"Wow, he went down really easy. It's almost like he wants me to take his unconscious body to my leader."

Take into account the weaponry the aliens will be able to recover from their downed ships, and we have a District 9 situation on our hands... only we're the ones herded into camps.


And we can't quite rock a red vest.

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5
The Libyans from Back to the Future

Let's disregard for a moment all of the numerous problems we have with the "happy" ending of Back to the Future. Let's grant the filmmakers that everything wrapped itself up perfectly; Marty is happy, parents are happy, Biff is their slave.


All he wants is a case of Schlitz and time to forget.

It's so easy to get wrapped up in the Biff Tannens and time paradoxes as the main obstacles to be overcome that we forget the guys who should have kept Marty McFly up late at night.

But We Forgot About...

The Libyan terrorists Doc Brown ripped the plutonium from. You know, the armed, pissed off terrorists driving freely through Hill Valley, who wanted Doc Brown to build a nuclear bomb for them.


Ho-hum.

Take a close look at that VW van. These guys pack more wallop in there than the collected drug cartels in Breaking Bad and The Wire. These Libyans have AK-47s, RPGs, a shoot-first policy, tracking abilities that baffle even the guy who perfected time travel, and... oh, fucking plutonium.


This is some Tom Clancy shit right here.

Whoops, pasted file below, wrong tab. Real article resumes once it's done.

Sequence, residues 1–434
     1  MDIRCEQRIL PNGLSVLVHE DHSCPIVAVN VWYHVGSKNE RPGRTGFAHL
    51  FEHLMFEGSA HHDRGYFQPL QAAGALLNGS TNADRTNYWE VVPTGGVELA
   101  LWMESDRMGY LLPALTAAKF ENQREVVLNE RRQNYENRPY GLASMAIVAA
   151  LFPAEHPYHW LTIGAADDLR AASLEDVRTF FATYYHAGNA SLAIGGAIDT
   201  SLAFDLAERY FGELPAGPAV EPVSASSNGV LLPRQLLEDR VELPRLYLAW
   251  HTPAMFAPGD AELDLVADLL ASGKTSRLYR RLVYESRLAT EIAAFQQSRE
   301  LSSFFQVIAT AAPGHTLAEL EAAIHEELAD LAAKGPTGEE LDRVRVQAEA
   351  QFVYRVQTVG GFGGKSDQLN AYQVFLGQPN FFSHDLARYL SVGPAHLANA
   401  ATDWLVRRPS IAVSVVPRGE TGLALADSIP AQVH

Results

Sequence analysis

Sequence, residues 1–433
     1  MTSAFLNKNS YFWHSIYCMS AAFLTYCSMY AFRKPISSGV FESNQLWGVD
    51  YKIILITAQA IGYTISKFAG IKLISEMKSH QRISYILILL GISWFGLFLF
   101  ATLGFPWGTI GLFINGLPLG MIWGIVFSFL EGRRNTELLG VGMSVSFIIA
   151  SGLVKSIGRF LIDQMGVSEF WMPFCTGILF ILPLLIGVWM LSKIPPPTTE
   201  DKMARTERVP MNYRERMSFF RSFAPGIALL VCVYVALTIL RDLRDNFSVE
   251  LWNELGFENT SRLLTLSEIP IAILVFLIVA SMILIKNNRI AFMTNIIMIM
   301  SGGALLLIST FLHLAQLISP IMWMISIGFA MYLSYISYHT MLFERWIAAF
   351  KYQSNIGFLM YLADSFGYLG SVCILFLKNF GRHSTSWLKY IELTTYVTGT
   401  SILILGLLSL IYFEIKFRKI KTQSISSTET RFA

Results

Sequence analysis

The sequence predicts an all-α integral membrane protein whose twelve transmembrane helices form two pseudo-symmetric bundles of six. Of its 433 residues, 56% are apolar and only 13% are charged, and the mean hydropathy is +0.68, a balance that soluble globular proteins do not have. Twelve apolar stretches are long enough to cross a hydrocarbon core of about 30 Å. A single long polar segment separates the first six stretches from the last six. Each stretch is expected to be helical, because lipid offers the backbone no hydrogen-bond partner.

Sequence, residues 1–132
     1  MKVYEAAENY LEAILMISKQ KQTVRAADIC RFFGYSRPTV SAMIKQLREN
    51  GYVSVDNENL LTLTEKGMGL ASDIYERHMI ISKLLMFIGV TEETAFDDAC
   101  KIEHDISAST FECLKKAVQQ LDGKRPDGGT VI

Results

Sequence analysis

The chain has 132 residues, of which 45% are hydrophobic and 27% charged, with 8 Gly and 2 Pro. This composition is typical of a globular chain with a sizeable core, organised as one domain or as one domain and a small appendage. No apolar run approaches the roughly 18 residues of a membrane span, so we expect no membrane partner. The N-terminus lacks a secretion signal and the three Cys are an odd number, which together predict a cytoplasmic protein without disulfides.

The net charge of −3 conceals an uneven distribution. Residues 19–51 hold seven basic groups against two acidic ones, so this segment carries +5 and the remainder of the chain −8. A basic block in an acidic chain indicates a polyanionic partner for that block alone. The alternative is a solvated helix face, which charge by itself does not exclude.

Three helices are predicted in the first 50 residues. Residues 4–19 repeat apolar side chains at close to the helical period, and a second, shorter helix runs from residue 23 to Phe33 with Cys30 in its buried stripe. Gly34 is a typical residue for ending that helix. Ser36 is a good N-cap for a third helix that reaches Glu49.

OK, so Marty hooks up with his mom and warns Doc about the Libyans, which he takes as his cue to dig up a bulletproof vest capable of stopping assault-rifle slugs at point-blank range. Good for him. They then take off in their van and chase Marty in the Delorean. When Marty disappears back in time, the van crashes into a one-hour photo stand. Then... what?


...they back up, drive to Marty and shoot him in the face?

Nothing happens. Seriously, there are no terrorists flying through windshields; no RPGs going off; no big cathartic explosion to justify the use of the word "bomb" in the movie. All we see is the van kind of tip over, but sustain the abuse like any good, German-made car was built to. But when Marty returns from the past to check on Doc, they have an emotional reunion that completely ignores the fact that there is a dented van full of terrorists right over there.


If it can survive hippies, it can survive anything.

Hell, even if the van burst into flames and vaporized the gunmen, there's no way those few guys represented the entirety of their terror cell. This is a group serious enough to sneak into the U.S., obtain military-grade weapons and goddamned weapons-grade plutonium. You know, the stuff that no terrorists and only a few militaries have ever been able to get their hands on. If anything, Back to the Future is a cautionary tale about how disastrously vulnerable small U.S. towns were to terrorism during the Reagan years.